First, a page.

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Will Francis Fast-Track A Canonization for Pope Pius XII?



Daniel Blackman - published on 10/08/14

At conference, clergy and scholars commemorate the anniversary of Pius's death

On 2 October,an international conference and a special Mass were held in Rome to commemorate the 56th anniversary of the death of Venerable Pope Pius XII,who died on 9th October 1958 at the age of 81. "Pius XII and the Second World War: Assumptions and New Archival Evidence," was hosted by the Guglielmo Marconi University and sponsored by the Pave the Way Foundation, the Knights of Columbus, and the Vicariate of the Diocese of Rome. It coincided with the opening of the Vatican Secret Archives and the Archives of Relations with States dealing with the Church’s activity during World War II.

Two days later, a special Mass in honor of the deceased pontiff was held in the underground crypt of St. Peter’s Basilica, where Pius is buried. The Mass was celebrated by Vatican Cardinal Raymond Burke, together with former secretary of state Cardinal Tarcisio Bertone, a number of priests, and over 100 of the faithful. Burke repeated the words of Pope Paul VI on the occasion of the 25th anniversary marking the start of Pius’s papacy:  "We remember a priestly life, pure, pious, austere, and laborious, often suffering…he was eminently the pope of peace." Burke concluded by asking all to continue to pray for Pius’s beatification and canonization, especially "imploring the Lord to give a sign of His will, by giving us a miracle through the intercession of Venerable Pope Pius XII, who has been called with so much esteem and affection ‘Pastor Angelicus.’"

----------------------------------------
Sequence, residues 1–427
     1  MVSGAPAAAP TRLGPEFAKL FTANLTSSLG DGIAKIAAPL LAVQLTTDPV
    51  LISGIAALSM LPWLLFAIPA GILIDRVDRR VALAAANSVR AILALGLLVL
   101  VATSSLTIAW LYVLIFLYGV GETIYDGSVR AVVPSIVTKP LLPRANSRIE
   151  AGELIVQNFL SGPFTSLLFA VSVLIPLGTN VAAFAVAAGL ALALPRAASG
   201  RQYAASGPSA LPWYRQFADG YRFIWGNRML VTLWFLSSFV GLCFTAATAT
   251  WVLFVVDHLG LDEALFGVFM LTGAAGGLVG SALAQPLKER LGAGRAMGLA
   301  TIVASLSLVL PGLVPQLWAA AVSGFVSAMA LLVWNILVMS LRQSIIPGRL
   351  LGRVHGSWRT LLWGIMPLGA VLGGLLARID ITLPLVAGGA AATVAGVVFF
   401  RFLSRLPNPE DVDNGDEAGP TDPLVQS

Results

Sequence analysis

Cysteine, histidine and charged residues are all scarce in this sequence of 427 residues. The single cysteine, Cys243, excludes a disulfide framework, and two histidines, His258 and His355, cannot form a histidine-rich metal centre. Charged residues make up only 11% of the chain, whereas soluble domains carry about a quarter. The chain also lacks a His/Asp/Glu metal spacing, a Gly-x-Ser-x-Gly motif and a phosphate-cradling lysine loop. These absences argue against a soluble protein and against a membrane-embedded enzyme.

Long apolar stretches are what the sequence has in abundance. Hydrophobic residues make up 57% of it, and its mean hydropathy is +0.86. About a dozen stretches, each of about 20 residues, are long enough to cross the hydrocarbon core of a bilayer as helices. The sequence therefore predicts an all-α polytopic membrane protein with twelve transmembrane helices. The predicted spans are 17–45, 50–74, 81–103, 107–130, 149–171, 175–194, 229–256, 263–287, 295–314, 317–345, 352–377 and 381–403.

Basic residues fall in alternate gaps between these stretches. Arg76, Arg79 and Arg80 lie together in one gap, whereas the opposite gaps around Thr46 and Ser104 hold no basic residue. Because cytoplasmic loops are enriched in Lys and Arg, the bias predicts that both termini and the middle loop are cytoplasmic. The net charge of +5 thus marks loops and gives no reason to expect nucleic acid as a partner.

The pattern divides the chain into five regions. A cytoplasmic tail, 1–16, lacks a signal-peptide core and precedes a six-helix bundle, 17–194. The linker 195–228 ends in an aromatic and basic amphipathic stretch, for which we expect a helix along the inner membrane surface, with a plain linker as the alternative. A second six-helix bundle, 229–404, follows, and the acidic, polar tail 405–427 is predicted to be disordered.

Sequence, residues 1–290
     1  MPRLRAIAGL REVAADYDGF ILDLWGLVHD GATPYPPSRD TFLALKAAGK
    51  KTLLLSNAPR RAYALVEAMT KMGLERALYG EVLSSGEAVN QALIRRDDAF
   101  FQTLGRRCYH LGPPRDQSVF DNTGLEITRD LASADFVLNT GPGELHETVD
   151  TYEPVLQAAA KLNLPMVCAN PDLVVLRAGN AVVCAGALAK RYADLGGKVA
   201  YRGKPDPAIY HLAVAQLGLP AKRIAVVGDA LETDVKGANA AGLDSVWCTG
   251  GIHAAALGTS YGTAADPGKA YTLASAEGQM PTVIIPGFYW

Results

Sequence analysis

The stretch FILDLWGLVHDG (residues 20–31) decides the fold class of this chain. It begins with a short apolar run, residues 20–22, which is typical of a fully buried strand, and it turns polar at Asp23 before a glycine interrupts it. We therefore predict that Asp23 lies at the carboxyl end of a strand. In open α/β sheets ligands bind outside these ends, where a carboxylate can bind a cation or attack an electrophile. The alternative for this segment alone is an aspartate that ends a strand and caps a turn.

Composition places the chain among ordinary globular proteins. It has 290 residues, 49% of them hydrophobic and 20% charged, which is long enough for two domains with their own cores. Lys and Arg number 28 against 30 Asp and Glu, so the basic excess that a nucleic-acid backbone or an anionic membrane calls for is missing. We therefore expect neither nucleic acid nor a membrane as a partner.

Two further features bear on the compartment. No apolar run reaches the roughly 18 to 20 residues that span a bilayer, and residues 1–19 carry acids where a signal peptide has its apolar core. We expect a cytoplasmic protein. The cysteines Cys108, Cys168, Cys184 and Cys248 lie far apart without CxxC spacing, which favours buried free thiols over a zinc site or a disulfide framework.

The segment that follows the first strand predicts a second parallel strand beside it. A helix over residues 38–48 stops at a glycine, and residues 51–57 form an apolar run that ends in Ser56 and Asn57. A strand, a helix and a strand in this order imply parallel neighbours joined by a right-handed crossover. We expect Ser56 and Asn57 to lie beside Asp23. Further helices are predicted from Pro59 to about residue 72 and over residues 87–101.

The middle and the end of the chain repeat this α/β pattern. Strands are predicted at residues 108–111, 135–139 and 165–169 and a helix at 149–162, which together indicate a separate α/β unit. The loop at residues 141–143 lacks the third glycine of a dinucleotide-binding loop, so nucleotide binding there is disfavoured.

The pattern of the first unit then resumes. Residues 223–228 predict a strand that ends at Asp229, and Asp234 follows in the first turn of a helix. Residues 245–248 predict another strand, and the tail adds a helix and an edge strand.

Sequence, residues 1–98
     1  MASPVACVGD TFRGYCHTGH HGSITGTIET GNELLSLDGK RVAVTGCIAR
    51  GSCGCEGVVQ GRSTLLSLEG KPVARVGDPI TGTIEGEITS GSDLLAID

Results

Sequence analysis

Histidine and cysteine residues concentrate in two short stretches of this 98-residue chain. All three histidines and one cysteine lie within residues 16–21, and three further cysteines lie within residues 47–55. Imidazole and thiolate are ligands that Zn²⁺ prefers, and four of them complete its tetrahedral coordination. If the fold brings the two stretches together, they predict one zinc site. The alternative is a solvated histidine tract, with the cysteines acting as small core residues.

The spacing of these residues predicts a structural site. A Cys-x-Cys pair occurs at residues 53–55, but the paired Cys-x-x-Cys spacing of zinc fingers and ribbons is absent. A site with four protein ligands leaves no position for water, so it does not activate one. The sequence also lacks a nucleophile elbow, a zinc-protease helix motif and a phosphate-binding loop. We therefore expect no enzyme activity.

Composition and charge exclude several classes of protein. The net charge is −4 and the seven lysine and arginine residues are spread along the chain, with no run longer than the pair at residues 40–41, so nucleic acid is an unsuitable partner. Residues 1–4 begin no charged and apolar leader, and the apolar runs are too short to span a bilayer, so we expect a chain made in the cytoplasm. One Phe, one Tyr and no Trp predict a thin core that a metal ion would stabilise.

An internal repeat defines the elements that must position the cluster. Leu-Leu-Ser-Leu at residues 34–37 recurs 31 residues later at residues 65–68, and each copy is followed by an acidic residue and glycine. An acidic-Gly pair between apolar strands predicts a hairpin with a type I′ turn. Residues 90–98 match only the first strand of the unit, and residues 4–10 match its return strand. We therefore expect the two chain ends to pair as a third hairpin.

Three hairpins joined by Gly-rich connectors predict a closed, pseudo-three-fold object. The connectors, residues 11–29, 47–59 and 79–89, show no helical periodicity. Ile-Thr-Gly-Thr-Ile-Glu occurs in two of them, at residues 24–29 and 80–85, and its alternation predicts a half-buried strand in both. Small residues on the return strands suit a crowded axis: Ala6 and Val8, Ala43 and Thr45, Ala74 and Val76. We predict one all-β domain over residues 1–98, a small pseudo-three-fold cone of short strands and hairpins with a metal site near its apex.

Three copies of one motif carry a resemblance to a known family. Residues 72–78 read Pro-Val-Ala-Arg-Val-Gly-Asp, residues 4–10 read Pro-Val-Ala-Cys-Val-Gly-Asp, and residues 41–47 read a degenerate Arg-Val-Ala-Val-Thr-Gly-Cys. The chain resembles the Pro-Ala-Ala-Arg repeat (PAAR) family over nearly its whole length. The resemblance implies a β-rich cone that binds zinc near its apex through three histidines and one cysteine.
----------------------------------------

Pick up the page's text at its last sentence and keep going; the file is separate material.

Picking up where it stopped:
The events revived speculation that Pope Francis might fast-track Pius XII’s path to beatification or even canonization. In July of last year, Catholic media outlets quoted an anonymous source at the Vatican’s Congregation for the Cause of Saints, who claimed that Pope Francis was considering moving Pope Pius XII from the level of "Venerable" directly to "Saint." The pope seemed to quash that rumor in May, whenhe told reporters that the cause for the beatification of Pius “had stalled” due to a lack of a miracle. Yet, the following month, Pope Francis commented, "They have said all sorts of things about poor Pius XII. But we need to remember that before he was seen as the great defender of the Jews. He hid many in convents in Rome and in other Italian cities, and also in the residence of Castel Gandolfo. Forty-two babies, children of Jews and other persecuted who sought refuge." 

Pius XII remains a controversial figure. Opponents of the cause for beatification or sainthood claim Pius remained silent in the face of Nazi atrocities against Jews and other minorities, while supporters point to evidence that he oversaw and coordinated the rescue of at least 860,000 Jews during the war. Ronald J. Rychlak, Professor of Law at University of Mississippi, was one of the experts invited to the conference. Rychlak has published several leading books on the figure of Pius XII, including "Hitler, the War, and the Pope"; "Righteous Gentiles: How Pius XII and the Catholic Church Saved Half a Million Jews from the Nazis," and "Disinformation: Former Spy Chief Reveals Secret Strategies for Undermining Freedom, Attacking Religion, and Promoting Terrorism." He spoke to Aleteia about the conference, the historical record, and the cause for Pius.